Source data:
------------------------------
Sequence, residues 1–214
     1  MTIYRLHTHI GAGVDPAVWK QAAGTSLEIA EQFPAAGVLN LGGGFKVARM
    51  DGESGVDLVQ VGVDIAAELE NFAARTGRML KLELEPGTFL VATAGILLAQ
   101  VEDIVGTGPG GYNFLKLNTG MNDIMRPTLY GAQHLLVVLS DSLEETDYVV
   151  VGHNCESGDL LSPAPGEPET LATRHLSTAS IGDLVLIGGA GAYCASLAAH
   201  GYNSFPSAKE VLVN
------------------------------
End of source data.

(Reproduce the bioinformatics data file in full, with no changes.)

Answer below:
Sequence, residues 1–214
     1  MTIYRLHTHI GAGVDPAVWK QAAGTSLEIA EQFPAAGVLN LGGGFKVARM
    51  DGESGVDLVQ VGVDIAAELE NFAARTGRML KLELEPGTFL VATAGILLAQ
   101  VEDIVGTGPG GYNFLKLNTG MNDIMRPTLY GAQHLLVVLS DSLEETDYVV
   151  VGHNCESGDL LSPAPGEPET LATRHLSTAS IGDLVLIGGA GAYCASLAAH
   201  GYNSFPSAKE VLVN